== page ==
3. More mobile interaction

    We’ve seen apps that allow you to interact with your CAD data. We’ll see more. With the increased use of tablets this year, users will also seek out ways to interact and collaborate with other people and their models. We’ve longed for more startups in this area. Perhaps this is the year.

  4. The rise of mesh-nurbs modeling

    SubD and Direct Modeling tools will continue to proliferate. Yawn. Playa’s been runnin’ that shiz since like the 60’s. CAD is soooo 2012. What’s next? Finer control over meshes, more organic solid modeling. The mix of both. The introduction of Luxology’s Power SubD-NURBS, Autodesk’s Fusion 360 and Geomagic’s Spark is just the beginning. The large CAD companies are making small steps, but we’re looking again to the startups for something spectacular.



image: Unfold
  1. The growth of fabrication services

    The vision of “a 3D printer in every home” is doomed: just as consumers would prefer to use big, high-quality photo printing machines at the local drug store rather than own an expensive, cumbersome, and rapidly-obsolete consumer inkjet printer, we think that consumers will prefer to use services like Shapeways or Ponoko to have their designs printed. Home 3D printers will remain a relatively small niche. We expect a big player this year… Amazon 3D Printing Service?

  2. More material options + decreased Cost

    Your closets filled with plastic filament. With the rise in popularity of 3D printers, the availability of materials will of course become deeper and cheaper. We’re already seeing a growing list of suppliers for ABS and PLA options and we expect this to continue. Other materials we hope to gain popularity this year are resins, with the entry of new 3D printers from 3D printer patent-holding paper print industry companies.

  3. Community Printer Sharing

    Even if you prefer fab shops and services, many will opt to have their own 3D printers and likewise, set up community sharing or small, private garage fab sites for fans of extruded polymers to use as needed. Some will go as far as to ship a shared printer or drive it 100 miles so they are able to experience the joy of creating objects in the home.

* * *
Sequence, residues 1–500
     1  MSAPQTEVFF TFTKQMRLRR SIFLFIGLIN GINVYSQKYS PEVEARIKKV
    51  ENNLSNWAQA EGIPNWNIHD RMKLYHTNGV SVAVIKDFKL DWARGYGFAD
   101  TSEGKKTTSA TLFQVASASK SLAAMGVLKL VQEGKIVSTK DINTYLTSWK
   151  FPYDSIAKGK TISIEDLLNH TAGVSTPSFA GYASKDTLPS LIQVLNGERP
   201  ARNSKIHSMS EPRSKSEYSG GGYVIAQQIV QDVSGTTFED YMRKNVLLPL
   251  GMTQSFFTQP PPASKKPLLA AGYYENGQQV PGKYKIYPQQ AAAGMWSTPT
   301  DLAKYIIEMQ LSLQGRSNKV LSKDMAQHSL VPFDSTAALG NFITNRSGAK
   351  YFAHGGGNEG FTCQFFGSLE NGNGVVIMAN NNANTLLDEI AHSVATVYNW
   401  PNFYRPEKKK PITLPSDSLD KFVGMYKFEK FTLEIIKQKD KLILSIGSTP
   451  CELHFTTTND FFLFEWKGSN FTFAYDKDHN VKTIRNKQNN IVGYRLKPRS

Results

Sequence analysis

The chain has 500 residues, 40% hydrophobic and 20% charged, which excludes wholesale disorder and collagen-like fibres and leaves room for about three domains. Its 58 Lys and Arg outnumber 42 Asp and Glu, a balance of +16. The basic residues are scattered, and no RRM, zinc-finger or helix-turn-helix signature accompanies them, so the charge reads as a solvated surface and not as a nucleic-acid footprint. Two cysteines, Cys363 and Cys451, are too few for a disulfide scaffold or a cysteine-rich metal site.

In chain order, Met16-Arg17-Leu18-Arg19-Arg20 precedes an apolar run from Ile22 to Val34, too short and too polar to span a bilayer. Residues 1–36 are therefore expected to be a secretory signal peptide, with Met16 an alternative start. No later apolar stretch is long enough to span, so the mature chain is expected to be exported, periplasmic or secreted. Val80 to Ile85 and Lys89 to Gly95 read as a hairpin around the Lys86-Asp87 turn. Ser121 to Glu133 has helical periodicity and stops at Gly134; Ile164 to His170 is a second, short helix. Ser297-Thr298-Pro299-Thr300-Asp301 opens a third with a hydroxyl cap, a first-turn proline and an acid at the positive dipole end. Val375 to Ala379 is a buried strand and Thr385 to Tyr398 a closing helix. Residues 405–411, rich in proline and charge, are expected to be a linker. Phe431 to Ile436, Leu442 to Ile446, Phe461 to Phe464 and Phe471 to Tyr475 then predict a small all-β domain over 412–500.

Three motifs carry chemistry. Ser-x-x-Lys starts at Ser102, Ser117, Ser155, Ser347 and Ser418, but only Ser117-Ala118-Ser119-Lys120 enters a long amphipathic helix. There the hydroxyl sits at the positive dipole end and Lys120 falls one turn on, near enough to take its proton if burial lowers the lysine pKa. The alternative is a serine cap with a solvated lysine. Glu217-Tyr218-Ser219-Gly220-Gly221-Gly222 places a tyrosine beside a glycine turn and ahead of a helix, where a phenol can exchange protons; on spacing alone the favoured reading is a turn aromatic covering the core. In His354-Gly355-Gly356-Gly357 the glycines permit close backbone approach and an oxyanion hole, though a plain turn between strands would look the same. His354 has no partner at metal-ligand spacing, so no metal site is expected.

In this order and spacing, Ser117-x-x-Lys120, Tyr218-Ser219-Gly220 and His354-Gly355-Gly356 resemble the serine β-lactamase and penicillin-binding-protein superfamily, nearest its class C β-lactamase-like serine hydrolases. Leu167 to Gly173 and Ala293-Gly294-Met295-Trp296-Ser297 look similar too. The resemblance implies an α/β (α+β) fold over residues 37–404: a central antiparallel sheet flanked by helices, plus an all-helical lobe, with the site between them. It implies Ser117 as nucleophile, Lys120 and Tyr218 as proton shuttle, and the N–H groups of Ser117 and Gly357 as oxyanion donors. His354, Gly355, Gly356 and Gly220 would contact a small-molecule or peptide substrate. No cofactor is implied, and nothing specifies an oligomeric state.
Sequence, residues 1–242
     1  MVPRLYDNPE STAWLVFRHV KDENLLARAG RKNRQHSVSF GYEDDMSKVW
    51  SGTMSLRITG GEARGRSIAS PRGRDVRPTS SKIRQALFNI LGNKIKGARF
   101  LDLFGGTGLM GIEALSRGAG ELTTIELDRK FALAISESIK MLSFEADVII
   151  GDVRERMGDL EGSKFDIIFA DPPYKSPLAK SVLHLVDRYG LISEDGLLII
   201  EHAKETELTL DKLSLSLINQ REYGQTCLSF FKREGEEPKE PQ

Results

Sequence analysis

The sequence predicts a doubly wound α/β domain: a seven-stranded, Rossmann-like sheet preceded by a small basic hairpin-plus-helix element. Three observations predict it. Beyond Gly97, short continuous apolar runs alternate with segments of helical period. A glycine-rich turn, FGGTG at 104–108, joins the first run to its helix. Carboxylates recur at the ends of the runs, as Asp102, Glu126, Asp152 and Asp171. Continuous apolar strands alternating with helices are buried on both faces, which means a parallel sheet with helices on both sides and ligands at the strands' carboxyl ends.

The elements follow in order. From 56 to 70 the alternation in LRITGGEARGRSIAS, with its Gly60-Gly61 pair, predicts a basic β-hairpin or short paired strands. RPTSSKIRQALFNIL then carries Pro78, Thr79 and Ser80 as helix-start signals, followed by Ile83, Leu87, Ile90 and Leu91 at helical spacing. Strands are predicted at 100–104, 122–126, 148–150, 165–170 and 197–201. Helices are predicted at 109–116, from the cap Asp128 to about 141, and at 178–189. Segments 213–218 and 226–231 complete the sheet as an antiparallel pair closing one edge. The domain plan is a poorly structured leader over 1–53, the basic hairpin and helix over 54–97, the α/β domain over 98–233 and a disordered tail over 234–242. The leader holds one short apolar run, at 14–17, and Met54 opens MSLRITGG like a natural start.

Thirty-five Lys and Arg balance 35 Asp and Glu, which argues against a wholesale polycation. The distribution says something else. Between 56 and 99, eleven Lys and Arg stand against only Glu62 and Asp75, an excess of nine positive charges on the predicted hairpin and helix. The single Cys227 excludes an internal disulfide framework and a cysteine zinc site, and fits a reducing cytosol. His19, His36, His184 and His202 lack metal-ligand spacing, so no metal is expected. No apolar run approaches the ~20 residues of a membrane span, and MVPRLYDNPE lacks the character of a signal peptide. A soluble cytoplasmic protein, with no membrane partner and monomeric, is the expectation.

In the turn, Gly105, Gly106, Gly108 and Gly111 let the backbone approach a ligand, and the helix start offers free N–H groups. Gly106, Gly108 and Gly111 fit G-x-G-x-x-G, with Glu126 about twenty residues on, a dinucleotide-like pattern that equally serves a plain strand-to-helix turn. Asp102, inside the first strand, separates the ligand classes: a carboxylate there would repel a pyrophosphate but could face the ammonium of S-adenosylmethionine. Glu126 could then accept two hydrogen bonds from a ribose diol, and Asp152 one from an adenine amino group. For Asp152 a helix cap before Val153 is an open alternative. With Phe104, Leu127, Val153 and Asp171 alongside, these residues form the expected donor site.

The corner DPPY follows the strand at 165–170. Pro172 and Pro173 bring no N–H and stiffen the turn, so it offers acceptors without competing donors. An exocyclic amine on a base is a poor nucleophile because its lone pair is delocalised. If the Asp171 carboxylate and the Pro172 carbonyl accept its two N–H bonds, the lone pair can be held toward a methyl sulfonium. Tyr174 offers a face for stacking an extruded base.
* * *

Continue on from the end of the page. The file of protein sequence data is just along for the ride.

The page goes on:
4. More laws on making

    Look out! With intellectual property and items bordering legality of easily manufacturable parts in question, legislation will be introduced to control the manufacturing of goods. Some laws will pass, but more than likely these will be futile efforts with more focus put on sites and individuals that provide 3D printable objects. Some sites are already updating Terms of Service and taking action to prevent any unwanted activity and yes, 2013 will set the stage to come.



image: Tobii
  1. More acquisitions

    Why create when you can acquire? Acquisitions will continue of course. Where? The project collaboration space is hot – GrabCAD, sunglass.io, TeamProject are all players with well developed systems. App companies and developers – with the talent and success in a lot of iOS and Android app development houses, it’s likely we’ll see more 3D software companies snatching up whoever they can.

  2. Eye-tracking

    We know that many of the 3D software companies have been researching and experimenting with eye tracking. Tobii is a big player in this space with fresh integration to Windows 8 already announced this year. Expect those 3D software developers to already have the API’s in house, testing and integrating them into the software you use.

  3. New UI’s

    With M2M interaction, touchscreens, Kinect sensors and eye-tracking there’s no doubt that user interfaces will adapt to how people use the software. This goes for devices as well. Expect to see improved UI’s from mobile to desktop, with Apple modernizing their look and other software getting a Microsoft Metro makeover.

  4. Better coffee machines in office

    Your employer will realize you are an integral part of the business process and put the appropriate super-automatic coffee machine(s) in the break room to make sure you know you’re appreciated… could happen.


Josh is founder and editor at SolidSmack.com, founder at Aimsift Inc., and co-founder of EvD Media. He is involved in engineering, design, visualization, the technology making it happen, and the content developed around it. He is a SolidWorks Certified Professional and excels at falling awkwardly.